The widow of a mentally distressed man who fell to his death from the roof of the Veterans Affairs Medical Center after seeking help there is suing doctors for $4.5 million.The suit claims that emergency room doctors who saw Jon Jacobsen on Feb. 5 and 6, 2007, failed to give him medication or keep him in a secure room even though he’d had seizures that led him to talk about killing himself.
“Mr. Jacobsen served his country as a veteran, and when he needed us, we weren’t there,” said attorney Richard Rogers, who filed the suit earlier this month in Multnomah County Circuit Court.
Jacobsen, 50 and a father of two young boys, served in the U.S. Army from 1977 to 1979 in the 2nd Infantry Division and in the 2nd Armored Division in Korea as a helicopter crew chief. He had a long-standing seizure disorder and psychosis, stemming from his service to his country, Rogers said.
The suit names as defendants four doctors and Oregon Health & Science University, because although Jacobsen was admitted to the Veterans Affairs Medical Center, doctors work at both hospitals and paperwork listed OHSU, Rogers said.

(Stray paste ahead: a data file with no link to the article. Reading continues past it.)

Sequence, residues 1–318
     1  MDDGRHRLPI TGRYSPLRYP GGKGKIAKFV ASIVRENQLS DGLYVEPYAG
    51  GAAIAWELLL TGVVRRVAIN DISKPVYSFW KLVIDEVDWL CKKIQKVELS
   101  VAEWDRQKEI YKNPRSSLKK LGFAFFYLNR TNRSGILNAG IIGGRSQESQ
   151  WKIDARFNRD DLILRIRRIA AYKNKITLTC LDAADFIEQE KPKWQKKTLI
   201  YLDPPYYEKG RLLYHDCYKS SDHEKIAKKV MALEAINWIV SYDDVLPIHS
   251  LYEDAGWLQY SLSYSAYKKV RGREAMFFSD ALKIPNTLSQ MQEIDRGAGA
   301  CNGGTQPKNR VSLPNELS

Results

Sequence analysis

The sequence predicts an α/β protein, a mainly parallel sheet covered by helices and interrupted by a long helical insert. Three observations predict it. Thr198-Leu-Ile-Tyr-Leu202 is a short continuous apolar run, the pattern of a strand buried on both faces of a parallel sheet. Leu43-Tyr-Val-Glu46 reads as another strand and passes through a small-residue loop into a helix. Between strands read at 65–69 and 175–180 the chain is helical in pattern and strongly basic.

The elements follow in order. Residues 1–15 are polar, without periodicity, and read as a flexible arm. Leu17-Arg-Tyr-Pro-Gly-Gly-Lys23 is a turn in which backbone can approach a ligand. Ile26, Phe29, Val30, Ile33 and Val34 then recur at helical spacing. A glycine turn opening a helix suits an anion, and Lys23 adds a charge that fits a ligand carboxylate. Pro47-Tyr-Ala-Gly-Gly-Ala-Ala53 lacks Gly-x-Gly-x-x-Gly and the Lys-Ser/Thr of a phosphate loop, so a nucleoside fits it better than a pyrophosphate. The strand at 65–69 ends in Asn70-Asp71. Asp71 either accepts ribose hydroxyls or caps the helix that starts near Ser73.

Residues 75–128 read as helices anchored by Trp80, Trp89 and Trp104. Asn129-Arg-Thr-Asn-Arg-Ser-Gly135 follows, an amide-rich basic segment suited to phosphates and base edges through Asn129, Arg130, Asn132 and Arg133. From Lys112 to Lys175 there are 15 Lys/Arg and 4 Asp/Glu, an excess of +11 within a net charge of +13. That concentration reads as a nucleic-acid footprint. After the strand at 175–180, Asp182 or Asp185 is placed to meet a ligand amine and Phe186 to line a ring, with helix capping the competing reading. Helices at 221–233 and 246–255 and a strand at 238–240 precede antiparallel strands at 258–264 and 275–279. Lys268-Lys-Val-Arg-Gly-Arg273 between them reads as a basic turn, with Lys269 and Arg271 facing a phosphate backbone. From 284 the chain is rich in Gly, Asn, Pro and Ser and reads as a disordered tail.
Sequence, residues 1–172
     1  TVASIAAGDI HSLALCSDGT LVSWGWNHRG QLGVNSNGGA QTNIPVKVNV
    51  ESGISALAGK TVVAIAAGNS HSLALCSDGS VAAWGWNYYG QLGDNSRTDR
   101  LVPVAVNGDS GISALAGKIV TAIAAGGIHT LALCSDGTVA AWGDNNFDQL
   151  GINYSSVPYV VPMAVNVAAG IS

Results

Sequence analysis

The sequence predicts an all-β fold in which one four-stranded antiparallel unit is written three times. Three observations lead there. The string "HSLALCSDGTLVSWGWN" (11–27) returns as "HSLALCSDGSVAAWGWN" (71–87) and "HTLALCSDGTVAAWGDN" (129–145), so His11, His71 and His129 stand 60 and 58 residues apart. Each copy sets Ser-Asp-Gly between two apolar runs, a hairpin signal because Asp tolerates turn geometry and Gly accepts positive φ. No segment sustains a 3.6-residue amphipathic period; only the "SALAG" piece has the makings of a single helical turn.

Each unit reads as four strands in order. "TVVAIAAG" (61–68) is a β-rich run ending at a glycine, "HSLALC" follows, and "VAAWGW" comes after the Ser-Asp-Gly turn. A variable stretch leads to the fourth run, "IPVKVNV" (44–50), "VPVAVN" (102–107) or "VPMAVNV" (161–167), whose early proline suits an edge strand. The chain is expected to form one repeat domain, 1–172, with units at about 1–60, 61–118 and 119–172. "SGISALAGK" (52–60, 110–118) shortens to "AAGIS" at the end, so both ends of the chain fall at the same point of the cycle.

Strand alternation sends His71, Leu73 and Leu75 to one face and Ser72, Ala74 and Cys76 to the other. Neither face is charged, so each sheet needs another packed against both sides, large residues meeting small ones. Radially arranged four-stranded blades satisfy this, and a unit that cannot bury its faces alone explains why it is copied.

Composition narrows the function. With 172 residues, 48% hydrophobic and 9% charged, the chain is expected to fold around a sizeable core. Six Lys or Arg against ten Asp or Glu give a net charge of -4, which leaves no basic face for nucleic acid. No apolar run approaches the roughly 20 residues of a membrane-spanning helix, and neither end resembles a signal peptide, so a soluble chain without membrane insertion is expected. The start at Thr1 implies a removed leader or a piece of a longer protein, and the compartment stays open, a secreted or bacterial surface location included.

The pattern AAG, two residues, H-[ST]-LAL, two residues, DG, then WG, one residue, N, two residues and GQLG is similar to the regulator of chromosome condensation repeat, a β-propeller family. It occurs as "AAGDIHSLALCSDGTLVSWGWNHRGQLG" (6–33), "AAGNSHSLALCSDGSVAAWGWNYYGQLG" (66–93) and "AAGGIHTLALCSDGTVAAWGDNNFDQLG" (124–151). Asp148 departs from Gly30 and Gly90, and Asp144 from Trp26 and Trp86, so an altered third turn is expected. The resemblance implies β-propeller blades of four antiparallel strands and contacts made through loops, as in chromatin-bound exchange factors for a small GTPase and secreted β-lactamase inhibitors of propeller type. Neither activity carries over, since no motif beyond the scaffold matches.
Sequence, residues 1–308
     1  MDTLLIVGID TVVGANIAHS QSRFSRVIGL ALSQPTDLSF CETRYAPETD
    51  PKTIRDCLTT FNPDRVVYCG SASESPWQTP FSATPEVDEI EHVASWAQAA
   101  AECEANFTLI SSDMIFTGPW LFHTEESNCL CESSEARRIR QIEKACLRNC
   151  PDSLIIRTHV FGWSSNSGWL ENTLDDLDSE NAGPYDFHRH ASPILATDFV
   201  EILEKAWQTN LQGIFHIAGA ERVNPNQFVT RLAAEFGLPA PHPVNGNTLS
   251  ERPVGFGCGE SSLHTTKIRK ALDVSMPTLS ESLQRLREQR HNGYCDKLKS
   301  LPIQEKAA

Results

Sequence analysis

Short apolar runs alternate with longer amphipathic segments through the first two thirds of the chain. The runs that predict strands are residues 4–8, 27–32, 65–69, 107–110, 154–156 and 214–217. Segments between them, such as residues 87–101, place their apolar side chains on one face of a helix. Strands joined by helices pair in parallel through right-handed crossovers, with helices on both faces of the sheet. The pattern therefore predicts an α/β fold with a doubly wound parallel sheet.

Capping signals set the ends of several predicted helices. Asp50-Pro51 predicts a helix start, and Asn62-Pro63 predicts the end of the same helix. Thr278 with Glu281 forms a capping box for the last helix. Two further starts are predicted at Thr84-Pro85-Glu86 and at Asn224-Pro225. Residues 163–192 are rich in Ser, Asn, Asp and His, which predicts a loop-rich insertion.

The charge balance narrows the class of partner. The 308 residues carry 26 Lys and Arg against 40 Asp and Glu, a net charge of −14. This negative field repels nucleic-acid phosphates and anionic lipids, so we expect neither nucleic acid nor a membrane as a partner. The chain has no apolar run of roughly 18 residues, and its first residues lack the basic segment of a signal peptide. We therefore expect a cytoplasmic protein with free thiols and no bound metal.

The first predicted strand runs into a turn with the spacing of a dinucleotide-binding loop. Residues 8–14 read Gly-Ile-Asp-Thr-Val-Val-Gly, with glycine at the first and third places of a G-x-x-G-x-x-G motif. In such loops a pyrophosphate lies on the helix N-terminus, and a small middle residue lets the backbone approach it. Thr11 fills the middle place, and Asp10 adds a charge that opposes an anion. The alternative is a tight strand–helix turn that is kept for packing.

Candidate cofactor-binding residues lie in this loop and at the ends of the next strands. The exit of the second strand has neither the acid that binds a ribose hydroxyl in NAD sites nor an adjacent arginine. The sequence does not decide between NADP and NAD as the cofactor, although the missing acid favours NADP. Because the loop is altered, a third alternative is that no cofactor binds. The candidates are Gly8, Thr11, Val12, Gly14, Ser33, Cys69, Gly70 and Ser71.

A spokesman for OHSU declined to comment on the suit because it’s pending litigation. According to Rogers and the suit:
On Feb. 3, 2007, Jacobsen’s wife, Lynette Jacobsen, brought him to Portland Adventist Medical Center where he was given medication, put in a secure room, observed overnight and released the next day when he was feeling better.
But at about 5 p.m. on Feb. 5, 2007, he was again delusional and Jacobsen’s wife brought him to the Veterans Affairs Medical Center in Portland after calling a doctor there. Emergency room doctors saw him but didn’t give him medication and placed him on an unlocked neurology floor.
“He immediately began trying to leave the unit,” Rogers said. He also asked staff to kill him, according to the suit.
Doctors put a mental-health hold on Jacobsen, but still did not lock him up. At about 6 a.m., he was found standing on the edge of the roof. A Portland police officer spent an hour trying to talk him down — a scene caught on surveillance video.
“It’s an awful video to watch,” said Rogers, stating that Jacobsen can be seen repeatedly looking at the officer, then looking away.
“All of a sudden, he falls off the roof,” Rogers said.